Analysis of Variance, Trait Heritability, and Correlation Analyses
To assess the magnitude of variation within and between ploidy groups, we computed a minimum, maximum and range of variation for all metabolites and fruit quality traits. Fold-change values were calculated independently for each metabolite and fruit quality trait, dividing the maximum value by the minimum value of each trait within ploidy group. To normalize metabolite data, a log2 transformation was applied on quantified values. Analysis of variance (ANOVA) was performed to partition individual metabolites and fruit quality related trait according to ploidy, accession number, year, and accession by year interaction. Best linear unbiased estimate (BLUE) data obtained from the linear model were used as the phenotypic values for all subsequent analyses. Broad-sense heritability (H2) was estimated using variance components calculated from the restricted maximum likelihood (REML), calculated as follows

where, δ2g, δ2gy, and δ2e are variance components of accessions, [genotype x environment] interaction, and residual variations, respectively; y is the number of environments (number of years in this study, 2) and r is the number of replications (3).

Pearson Coefficient of Correlation was performed to find the relationship among traits and for the two-year data, independently. The correlation was visualized using the R package corrplot (Wei et al., 2017).

Multivariate Analysis of Metabolites and Fruit Quality Traits
BLUE data obtained from linear effects model were used as an input file for hierarchical clustering (HC), principal component analysis (PCA) and partial least square discriminant analysis (PLS-DA). HC combines similar individuals or variables into clusters and arranges these clusters into a hierarchy while PCA is a technique used to reduce dimensionality of the data by finding linear combinations (dimensions; in this case, the number of metabolite and fruit quality traits) of the data. HC was performed with the Spearman and Ward’s methods, and were visualized as a heatmap with a dendrogram using the heatmap.2 R package (Warnes et al., 2016). PCA was performed using the R package FactoMiner (Lê et al., 2008) as a non-supervised method to identify key traits with the largest effect on the overall variability and to evaluate the effect of genetic background on fruit quality and metabolite profiles among different accessions. PLS-DA (supervised version of PCA) was performed using metaboanalyst (Chong et al., 2018) to examine the classification of accessions based on ploidy groups/species and also identify key features using variable importance for the projection (VIP) > 1. The model fitness was evaluated using model accuracy, Q2 and R2 values of the model as described (Szymańska et al., 2012).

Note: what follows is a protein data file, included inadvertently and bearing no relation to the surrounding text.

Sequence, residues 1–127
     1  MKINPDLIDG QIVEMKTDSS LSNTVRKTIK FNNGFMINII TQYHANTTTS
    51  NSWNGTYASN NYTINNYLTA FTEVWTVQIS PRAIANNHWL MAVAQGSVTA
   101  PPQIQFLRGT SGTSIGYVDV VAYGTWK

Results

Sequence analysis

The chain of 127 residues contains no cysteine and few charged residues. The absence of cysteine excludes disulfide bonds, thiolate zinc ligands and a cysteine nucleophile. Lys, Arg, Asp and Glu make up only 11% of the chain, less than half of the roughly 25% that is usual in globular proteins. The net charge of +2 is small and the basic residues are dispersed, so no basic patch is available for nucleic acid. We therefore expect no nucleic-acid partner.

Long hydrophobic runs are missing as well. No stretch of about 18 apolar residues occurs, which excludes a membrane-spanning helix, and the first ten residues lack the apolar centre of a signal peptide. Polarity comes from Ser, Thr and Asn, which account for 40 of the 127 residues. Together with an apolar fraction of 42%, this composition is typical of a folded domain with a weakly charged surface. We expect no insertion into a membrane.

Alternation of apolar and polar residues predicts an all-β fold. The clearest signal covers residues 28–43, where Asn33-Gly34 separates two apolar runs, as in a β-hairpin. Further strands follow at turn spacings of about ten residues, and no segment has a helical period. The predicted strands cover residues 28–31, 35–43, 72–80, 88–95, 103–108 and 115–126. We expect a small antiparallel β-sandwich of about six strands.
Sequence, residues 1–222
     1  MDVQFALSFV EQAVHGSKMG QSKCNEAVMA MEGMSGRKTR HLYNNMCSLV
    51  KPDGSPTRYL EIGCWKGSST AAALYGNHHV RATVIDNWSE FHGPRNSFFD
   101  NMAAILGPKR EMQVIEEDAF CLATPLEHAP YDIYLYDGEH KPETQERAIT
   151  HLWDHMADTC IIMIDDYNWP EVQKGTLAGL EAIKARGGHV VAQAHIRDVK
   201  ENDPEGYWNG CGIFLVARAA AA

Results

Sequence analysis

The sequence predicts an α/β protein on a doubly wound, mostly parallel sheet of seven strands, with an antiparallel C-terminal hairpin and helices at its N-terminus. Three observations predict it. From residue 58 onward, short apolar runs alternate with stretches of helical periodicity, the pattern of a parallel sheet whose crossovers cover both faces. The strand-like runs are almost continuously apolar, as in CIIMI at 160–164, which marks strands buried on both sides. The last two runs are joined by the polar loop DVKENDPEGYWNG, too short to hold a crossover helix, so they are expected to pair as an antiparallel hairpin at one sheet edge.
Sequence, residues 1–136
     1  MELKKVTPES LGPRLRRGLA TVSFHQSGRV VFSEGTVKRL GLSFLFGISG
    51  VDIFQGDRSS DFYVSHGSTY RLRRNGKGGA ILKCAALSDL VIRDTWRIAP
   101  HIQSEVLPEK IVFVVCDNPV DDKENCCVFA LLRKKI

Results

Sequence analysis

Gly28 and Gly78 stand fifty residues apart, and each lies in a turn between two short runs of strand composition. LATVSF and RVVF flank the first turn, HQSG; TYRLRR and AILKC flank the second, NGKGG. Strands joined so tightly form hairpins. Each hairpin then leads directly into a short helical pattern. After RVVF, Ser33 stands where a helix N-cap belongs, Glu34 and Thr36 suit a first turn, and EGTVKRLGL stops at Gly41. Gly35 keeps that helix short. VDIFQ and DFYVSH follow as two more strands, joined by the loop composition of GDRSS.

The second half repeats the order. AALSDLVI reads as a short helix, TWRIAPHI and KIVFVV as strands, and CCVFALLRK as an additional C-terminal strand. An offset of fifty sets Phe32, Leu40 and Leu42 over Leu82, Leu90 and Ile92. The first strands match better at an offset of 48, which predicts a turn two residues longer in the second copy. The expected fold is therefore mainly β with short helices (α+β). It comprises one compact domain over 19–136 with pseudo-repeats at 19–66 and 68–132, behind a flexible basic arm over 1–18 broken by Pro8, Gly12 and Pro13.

Fruit Weight and Image-Based Volume Phenotyping Methods
Correlation analysis indicated that fruit weight and image-based volume measurements are highly (P < 0.001, r = 0.99) correlated (Figure 1A). Correlation provides information about the strength of the relationship between two measurements, but not agreement between the two measurements. Therefore, we assessed the agreement between the measurements, fruit volume (cm3) and fruit weight (g per fruit) with the Bland–Altman plot (Figure 1B). Here, the mean difference (bias) is 0.08, where the limits of agreement are −0.0734 and 0.25, indicating that 95% of the differences between the two measurements are within this range. Only one observation lies outside the 95% confidence interval, suggesting that the two measurements have an acceptable level of agreement, meaning that the absolute value of the numerical scale used to express the two measurements agree. Therefore, fruit weight can be used as a proxy to estimate fruit volume. It is also important to note that fruit surface area and fruit volume are also highly (r > 0.99) correlated traits (Figure 1C), suggesting that both fruit volume and fruit surface area can be highly predictable based on fruit weight. Furthermore, we also estimated fruit volume from 12 accessions with other fruit volume estimation methods including water displacement and texture analyzer and found that both methods are strongly (r > 0.99) correlated with fruit weight (Data not shown).